Psychologists and psychiatrists generally believe that each individual has a particular attachment style, which influences all aspects of how he or she relates to others. One's attachment style develops first in early childhood, when the emotional availability of the mother or other primary caregiver tells a child whether he or she can depend on others for support. Children with emotionally available and responsive caregivers tend to develop secure bonds, which allow the child to view the caregiver as a secure base from which he or she can explore the world. The child typically retains this bonding style into adulthood, when they can feel safe and connected to a partner while remaining functionally independent.
Children who do not develop secure bonds often go on to become insecurely attached adults. Some such adults fall into an anxious-preoccupied attachment style, which causes them to seek constant proximity to their partner for reassurance. Such patterns often cause the anxious-preoccupied adult to behave in a particularly clingy or needy manner, which can in turn drive the partner away and realize the fears that initially drove the distressed behavior.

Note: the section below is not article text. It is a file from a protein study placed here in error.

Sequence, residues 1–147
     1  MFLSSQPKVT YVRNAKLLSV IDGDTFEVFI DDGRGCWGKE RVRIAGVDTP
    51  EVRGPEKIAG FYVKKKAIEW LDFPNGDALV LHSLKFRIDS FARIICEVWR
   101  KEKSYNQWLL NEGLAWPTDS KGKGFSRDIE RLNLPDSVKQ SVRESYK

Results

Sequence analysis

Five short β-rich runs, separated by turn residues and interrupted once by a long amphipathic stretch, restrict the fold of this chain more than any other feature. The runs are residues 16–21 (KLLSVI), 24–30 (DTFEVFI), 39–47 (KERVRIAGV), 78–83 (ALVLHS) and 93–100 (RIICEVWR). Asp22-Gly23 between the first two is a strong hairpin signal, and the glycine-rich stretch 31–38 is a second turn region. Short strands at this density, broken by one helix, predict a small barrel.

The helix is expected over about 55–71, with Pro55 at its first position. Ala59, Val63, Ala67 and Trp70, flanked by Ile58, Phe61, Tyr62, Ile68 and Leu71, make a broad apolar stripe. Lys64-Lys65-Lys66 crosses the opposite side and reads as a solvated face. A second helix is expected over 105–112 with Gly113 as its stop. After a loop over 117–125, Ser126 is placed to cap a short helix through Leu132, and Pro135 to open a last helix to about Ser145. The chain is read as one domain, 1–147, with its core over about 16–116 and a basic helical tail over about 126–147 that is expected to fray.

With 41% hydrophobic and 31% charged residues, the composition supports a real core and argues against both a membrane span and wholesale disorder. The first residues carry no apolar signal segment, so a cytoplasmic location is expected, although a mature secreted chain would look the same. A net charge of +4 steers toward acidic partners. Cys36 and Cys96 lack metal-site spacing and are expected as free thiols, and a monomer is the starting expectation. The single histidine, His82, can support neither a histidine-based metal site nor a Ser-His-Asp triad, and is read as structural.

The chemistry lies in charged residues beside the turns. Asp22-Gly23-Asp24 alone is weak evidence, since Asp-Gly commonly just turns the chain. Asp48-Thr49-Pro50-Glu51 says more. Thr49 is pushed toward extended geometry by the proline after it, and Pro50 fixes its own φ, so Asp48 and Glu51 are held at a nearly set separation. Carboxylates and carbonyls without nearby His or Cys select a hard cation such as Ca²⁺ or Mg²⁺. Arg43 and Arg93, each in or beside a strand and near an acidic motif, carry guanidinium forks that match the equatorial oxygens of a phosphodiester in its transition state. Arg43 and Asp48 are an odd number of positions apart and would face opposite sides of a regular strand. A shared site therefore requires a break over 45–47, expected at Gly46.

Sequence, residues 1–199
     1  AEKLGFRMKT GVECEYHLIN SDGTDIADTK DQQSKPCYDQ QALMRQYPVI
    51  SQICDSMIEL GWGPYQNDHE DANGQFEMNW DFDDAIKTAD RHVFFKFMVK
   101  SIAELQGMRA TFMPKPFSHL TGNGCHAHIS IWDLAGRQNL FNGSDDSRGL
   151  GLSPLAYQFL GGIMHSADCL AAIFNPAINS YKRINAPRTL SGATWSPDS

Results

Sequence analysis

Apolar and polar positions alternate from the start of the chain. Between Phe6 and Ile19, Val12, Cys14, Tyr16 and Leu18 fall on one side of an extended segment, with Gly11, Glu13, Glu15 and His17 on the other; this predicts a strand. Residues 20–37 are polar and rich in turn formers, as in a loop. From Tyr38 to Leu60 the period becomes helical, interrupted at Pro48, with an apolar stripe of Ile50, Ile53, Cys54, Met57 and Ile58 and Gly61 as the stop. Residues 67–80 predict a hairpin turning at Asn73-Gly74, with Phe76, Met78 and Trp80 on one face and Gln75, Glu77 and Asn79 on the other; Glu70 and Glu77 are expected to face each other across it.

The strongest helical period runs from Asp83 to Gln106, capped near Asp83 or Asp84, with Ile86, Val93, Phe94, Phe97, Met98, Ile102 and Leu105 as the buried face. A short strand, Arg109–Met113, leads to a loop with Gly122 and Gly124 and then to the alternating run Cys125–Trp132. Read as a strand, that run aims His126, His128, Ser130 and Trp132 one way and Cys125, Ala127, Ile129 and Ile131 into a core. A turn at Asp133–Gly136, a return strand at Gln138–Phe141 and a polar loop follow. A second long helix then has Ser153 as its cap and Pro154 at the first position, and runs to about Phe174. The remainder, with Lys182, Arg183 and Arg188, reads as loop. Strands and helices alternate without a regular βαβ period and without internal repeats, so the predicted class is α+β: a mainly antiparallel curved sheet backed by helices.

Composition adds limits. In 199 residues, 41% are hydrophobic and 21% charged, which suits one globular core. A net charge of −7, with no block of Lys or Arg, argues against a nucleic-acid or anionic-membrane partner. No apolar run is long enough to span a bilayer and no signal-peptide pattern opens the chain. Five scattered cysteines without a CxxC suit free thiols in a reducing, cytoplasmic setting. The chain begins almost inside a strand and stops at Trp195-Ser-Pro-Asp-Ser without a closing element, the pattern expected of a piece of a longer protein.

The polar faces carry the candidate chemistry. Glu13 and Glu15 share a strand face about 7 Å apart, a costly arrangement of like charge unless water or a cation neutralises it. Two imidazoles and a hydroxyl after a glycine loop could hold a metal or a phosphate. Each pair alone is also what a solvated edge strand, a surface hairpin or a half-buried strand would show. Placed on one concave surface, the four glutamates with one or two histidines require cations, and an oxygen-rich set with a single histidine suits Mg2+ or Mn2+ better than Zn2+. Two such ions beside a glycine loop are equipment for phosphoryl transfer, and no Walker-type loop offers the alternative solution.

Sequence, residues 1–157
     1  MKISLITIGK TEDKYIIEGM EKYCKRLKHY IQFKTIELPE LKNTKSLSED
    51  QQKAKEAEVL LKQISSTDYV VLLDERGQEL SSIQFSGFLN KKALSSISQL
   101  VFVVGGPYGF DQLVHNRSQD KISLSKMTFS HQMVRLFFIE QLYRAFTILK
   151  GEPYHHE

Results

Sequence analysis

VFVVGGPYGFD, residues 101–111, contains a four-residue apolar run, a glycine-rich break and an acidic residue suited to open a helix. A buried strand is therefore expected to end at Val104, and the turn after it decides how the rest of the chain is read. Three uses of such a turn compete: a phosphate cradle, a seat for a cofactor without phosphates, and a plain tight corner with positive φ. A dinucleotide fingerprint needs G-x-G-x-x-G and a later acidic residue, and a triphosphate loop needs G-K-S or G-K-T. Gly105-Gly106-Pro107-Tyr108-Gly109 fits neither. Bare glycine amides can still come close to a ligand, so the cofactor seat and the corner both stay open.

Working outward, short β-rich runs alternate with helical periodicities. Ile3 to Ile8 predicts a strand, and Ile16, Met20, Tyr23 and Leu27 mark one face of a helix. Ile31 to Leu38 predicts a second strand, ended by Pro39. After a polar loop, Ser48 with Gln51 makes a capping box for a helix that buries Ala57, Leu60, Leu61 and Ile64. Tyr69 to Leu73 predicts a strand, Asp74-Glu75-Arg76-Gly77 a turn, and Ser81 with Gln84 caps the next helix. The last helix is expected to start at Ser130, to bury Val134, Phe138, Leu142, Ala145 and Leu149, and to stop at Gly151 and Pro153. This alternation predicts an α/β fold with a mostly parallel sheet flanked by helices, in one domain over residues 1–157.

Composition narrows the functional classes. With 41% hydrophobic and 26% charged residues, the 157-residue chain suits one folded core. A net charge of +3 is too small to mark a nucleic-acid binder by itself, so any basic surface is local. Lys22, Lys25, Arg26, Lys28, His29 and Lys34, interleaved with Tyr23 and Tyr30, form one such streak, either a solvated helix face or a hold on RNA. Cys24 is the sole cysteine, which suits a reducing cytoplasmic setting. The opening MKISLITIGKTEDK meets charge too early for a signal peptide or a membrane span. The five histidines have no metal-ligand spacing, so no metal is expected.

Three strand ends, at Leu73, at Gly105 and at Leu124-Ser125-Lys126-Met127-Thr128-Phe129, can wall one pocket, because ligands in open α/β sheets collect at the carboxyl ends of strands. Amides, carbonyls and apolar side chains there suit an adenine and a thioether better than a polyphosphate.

Those with dismissive avoidant attachment styles, however, tend to turn away from emotional closeness. They believe that they must appear fully independent and often detach themselves from those that they love. The fearful avoidant person, by contrast, may detach out of fear of being hurt but also desperately needs the closeness of others. These individuals may attempt to separate from the attachment figure but may also display clinging behaviors. Like all insecure attachment styles, these patterns often lead to unstable relationships but can heal themselves through committed therapeutic work.